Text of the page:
The Mandoline Isn't a Fancy Chef's Tool—It's a Kitchen Staple

A mandoline slicer should be an integral part of every home cook's kit.

Overhead view of Benriner mandoline slicer
Photographs: Vicky Wasik

I use a mandoline to slice vegetables more often than most home cooks—maybe five to six times a week—and yet I know that I use a mandoline far less often than I should.

Mostly that's because I have a bit of a knife-skill hang-up. I believe, like all skills, that you only improve with a ton of practice, and so rather than pull out the mandoline to shave some white onions for pho, I'll use a knife. But if convenience, efficiency, and speed were a priority, I'd just use the mandoline: in the time it takes for me turn half an onion into a pile of irregular but fairly thin slices, I could shave down a whole onion into a mound of uniformly razor-thin slices.

Benriner Mandoline Slicer

Benriner Mandoline Slicer


That efficiency is particularly useful for larger cooking projects that require a lot of thinly sliced vegetables, like, for example, chili crisp or Thai-style fried shallots. There is a functional argument for using a mandoline, too: the more uniform the slices of shallots (or whatever vegetable you're slicing), the more evenly they will cook.

I understand all that very well, but I use my mandoline mostly for a different task. Namely, turning hardy root vegetables into tender ribbons for salads.

The best way to incorporate carrots or radishes into a salad is to slice them extremely thin, but doing so with a knife is a tricky proposition: you have to square one side off to form a steady base, then you have to rely on a (very) sharp knife and a (very) steady hand to shave off slices, most of which will be a little too thick. With a mandoline, all you have to do is set the thickness and start sliding the vegetable across its surface.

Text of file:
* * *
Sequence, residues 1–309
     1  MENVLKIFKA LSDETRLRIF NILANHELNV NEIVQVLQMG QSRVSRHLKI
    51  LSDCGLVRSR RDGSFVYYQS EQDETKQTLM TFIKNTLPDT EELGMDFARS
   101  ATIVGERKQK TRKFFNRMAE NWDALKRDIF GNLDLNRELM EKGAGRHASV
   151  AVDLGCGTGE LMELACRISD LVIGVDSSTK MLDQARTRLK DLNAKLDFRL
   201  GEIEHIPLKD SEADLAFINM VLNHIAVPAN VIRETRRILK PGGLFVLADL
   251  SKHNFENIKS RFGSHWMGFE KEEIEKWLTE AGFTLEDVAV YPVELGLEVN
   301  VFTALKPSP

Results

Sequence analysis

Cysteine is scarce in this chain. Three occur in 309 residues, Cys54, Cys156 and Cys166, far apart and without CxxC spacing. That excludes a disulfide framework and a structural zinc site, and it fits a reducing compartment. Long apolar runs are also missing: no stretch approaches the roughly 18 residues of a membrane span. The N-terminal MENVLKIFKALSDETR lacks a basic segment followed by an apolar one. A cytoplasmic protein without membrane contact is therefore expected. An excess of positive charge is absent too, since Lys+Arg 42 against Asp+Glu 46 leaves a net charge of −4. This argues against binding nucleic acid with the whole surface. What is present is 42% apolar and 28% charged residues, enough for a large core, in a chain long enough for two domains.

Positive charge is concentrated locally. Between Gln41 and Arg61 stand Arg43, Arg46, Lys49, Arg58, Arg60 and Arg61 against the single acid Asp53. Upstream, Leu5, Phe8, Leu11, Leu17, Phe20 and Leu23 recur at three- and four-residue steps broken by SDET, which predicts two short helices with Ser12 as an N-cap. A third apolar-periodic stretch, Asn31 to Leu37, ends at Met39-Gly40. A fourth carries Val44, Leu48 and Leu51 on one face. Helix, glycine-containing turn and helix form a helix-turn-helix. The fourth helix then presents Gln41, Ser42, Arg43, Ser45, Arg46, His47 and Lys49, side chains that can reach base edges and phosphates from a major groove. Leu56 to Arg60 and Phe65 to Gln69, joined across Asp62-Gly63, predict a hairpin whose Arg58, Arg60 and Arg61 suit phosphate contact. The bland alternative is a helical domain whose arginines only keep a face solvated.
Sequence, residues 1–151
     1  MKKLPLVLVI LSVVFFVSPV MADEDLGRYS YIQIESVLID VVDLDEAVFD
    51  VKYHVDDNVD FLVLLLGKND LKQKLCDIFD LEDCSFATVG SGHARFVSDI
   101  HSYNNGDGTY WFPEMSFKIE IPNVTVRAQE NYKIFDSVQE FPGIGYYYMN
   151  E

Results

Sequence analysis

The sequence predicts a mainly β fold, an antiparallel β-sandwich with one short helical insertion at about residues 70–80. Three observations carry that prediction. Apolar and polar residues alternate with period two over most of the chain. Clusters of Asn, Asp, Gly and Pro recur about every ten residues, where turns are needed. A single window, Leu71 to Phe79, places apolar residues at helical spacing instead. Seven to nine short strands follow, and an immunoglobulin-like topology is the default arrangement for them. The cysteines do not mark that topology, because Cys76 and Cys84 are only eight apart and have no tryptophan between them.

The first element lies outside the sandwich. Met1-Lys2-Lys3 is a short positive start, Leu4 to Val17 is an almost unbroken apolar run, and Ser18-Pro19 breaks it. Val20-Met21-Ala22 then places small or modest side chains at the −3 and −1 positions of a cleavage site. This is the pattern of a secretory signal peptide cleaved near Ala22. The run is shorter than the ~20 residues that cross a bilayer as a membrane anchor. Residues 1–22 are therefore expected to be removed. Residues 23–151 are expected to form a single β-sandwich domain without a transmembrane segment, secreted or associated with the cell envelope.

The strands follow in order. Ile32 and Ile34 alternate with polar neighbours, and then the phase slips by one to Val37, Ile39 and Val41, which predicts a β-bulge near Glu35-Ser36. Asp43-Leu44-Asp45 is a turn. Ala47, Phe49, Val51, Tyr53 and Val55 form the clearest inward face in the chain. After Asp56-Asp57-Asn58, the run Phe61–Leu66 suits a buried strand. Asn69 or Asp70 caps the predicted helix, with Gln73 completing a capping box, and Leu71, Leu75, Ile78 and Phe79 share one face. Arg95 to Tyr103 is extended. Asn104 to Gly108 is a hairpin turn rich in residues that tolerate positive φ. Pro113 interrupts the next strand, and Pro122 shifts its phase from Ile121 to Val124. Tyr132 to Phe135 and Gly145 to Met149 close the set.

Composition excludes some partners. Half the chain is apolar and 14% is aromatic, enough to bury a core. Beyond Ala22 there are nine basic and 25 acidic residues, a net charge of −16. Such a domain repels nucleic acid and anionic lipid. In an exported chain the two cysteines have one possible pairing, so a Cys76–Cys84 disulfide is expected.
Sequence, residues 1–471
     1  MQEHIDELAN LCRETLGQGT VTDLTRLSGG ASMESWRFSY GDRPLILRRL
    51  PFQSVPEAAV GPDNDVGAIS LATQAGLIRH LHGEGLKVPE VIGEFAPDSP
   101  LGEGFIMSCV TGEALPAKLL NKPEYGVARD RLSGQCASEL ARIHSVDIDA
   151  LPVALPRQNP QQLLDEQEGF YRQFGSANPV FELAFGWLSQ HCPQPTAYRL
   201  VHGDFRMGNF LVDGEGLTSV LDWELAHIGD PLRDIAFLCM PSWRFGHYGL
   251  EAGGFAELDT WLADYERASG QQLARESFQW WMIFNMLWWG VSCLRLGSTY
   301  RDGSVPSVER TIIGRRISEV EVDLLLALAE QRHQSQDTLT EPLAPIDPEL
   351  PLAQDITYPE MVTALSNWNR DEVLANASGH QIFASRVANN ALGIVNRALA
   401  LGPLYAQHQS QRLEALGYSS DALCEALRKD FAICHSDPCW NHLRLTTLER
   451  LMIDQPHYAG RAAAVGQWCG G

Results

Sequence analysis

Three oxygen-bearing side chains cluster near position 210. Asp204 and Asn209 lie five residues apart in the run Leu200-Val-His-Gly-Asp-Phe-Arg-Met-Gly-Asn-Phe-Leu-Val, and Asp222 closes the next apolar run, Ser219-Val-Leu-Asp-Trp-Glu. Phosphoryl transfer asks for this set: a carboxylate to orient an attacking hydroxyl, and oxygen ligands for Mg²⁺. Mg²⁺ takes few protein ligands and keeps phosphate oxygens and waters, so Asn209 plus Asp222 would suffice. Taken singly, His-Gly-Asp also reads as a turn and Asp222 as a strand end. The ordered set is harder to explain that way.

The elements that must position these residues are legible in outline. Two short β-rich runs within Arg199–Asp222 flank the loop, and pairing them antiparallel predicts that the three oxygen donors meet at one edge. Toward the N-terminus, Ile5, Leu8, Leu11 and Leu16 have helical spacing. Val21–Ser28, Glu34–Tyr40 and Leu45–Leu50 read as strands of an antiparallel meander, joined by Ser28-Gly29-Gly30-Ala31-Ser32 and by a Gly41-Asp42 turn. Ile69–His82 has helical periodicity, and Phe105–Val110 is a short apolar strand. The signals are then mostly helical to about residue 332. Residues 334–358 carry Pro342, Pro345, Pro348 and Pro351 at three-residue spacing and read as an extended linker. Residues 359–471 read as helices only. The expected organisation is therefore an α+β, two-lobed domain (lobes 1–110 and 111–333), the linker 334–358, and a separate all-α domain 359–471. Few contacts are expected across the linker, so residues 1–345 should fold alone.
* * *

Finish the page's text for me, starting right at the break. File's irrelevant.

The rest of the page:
Shallots thinly sliced on a mandoline, shallots added to cold oil, shallots cooked until golden, shallots strained of oil

But there are other vegetables that really benefit from being mandolined, and chief among them is kohlrabi. I never really knew what to do with kohlrabi until I was talking with Daniel about broccoli stems. At one point, I said I was buying heads of broccoli just to peel the stems and shave them on my mandoline for salad (dressed with just good olive oil, flaky salt, a little lemon or red wine vinegar, black pepper, and a fistful of Parmigiano-Reggiano grated on a Microplane, so it's all fluffy), and Daniel said, "That's crazy! Just buy kohlrabi!" And he was right: I can eat a pound of kohlrabi treated in a similar fashion: Peeled, quartered, then shaved as thinly as possible on a mandoline to produce fat ribbons that are perfect for trapping dressing within their folds.

Since I use a Benriner at home, I don't ever use the mandoline for julienning vegetables (as Daniel notes in his review, those attachments for the Bennie are basically useless), but I do use it to create uniform planks of whatever vegetable I want to julienne so I can eat root vegetable slaws. It can be as simple as a pile of carrot sticks dressed with mayo and mustard or a mix of carrot, celery root, kohlrabi, and watermelon radish tossed with a tight vinaigrette.

I suppose one can't write about a mandoline without talking about finger safety, and while I've nicked a fingertip or two when using my Bennie in unguarded moments, you won't have to worry about any risk of injury so long as you commit to using a (clean) kitchen towel (what can't they do?!?) to push the vegetables onto the mandoline blade every single time.

Of course, if you're a fancy home cook, the mandoline is great for filigree-thin shavings of vegetables for garnishing, but I don't really look at it as a fancy tool for fancy people; I look at it as an assistant designed to make some dishes, like a silky rich potato gratin, easier to make, and a tool to transform the humblest of vegetables into daily, delicious fare that just happens to have a touch of elegance about it.